According to the bank website, "The TA will have the following outcome: CSO participation in ADB operations strengthened. SP2 will support the last two outputs of the overall TA cluster.
Output 1: Demonstration activities through effective CSO engagement conducted. Under this output, aligned with output 2 of the TA cluster, funds will complement South Asia Department (SARD) and Southeast Asia Department (SERD) ongoing and/or upcoming projects by strengthening the quality and depth of the consultative and participatory approaches with a broad range of stakeholders, on projects and/or programs to be identified in consultation with the respective regional departments.
In the Philippines, Subproject 2 will finance the nongovernment organization (NGO) BRAC to implement a productive inclusion program, called the graduation approach, in one of the poorest regions of the Philippines, Negros Occidental. ADB is drawing from the experiences of other countries to implement an innovative graduation program under an ADB-supported large-scale targeted social assistance program, the Pantawid Pamilyang Pilipino Program, which has reached 4.4 million poor families identified by a national poverty targeting system. The program will strengthen local civil society by forming and supporting local associations and providing them with group-based asset transfers, training, and coaching to implement group-based enterprises. Further details of the background and the scope of the work is available in Attachment 2.
In addition to the support to the graduation approach, Subproject 2 will support at least 4 CSO engagement demonstration activities in a range of projects in SERD and SARD DMCs. It is expected that the projects, spanning the processing to evaluation stage, will receive support for complementary activities implemented by civil society. These projects will be identified during the implementation of Subproject 2. SARD and SERD will each support two in-depth CSO engagement demonstration activities. SDCC will seek governments' concurrence as needed prior to the implementation of each identified activity. Examples of activities include financing a set of consultations with CSOs during processing to help improve project design, such as with road safety groups for road projects or parent teacher associations for education projects. A women's organization may be engaged to assist with the implementation of additional activities to a project's gender action plan, which result in stronger project results. Provision of a CSO to monitor a project's impact at the community level is another example. Subproject 2 will support two outreach, communications materials, and/or related activities to engage with advocacy and operational NGOs involved in ADB-financed projects in South and Southeast Asian countries.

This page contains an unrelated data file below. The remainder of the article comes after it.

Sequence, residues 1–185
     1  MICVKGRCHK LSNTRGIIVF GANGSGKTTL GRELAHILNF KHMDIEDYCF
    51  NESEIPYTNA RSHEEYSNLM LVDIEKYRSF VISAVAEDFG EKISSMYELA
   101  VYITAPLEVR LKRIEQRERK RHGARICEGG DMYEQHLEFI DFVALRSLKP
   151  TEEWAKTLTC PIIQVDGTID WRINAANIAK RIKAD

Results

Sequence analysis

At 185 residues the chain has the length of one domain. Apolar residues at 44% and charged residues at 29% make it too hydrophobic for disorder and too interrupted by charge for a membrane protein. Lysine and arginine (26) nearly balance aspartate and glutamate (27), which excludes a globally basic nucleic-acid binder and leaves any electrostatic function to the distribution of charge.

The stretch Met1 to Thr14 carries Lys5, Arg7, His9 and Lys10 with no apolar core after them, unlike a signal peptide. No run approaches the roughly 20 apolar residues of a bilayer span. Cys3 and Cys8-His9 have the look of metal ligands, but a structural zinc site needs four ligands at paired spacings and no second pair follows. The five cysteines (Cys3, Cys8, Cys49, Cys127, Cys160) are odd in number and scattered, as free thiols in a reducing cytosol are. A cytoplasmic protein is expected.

Output 2: Knowledge products about effective CSO engagement in ADB operations generated and shared. Output 2 of Subproject 2 mirrors output 3 of the TA cluster. Documentation and sharing experiences of effective CSO engagement and lessons provide valuable information for DMC and ADB staff for future opportunities. Under output 2, Subproject 2 will support the publication of a guidance note on CSO engagement in ADB operations, which includes case studies, practical tips, and contextual background updated to align with Strategy 2030; four knowledge products on innovative approaches in civil society engagement in ADB-financed projects, which may be used for face to face training and e-learning modules for CSOs, ADB staff and DMC officials; and revisions to 2 CSO briefs published in the ADB series. The CSO Briefs series, published by the NGO and Civil Society Center (NGOC), provides an overview of the civil society landscape in 27 DMCs and are a useful tool for DMC officials to identify opportunities for CSO engagement. The TA subproject will support revisions of CSO briefs in two selected DMCs. Although digital publication is ADB's default approach, some publications may be printed to reach specific target groups, such as civil society groups with poor internet access."
Responsible ADB Officer Thomas, Elaine C.
Responsible ADB Department SDTC
Responsible ADB Division NGO and Civil Society Center
Asian Development Bank
6 ADB Avenue, Mandaluyong City 1550, Philippines
ACCOUNTABILITY MECHANISM OF ADB
The Accountability Mechanism is an independent complaint mechanism and fact-finding body for people who believe they are likely to be, or have been, adversely affected by an Asian Development Bank-financed project. If you submit a complaint to the Accountability Mechanism, they may investigate to assess whether the Asian Development Bank is following its own policies and procedures for preventing harm to people or the environment. You can learn more about the Accountability Mechanism and how to file a complaint at: http://www.adb.org/site/accountability-mechanism/main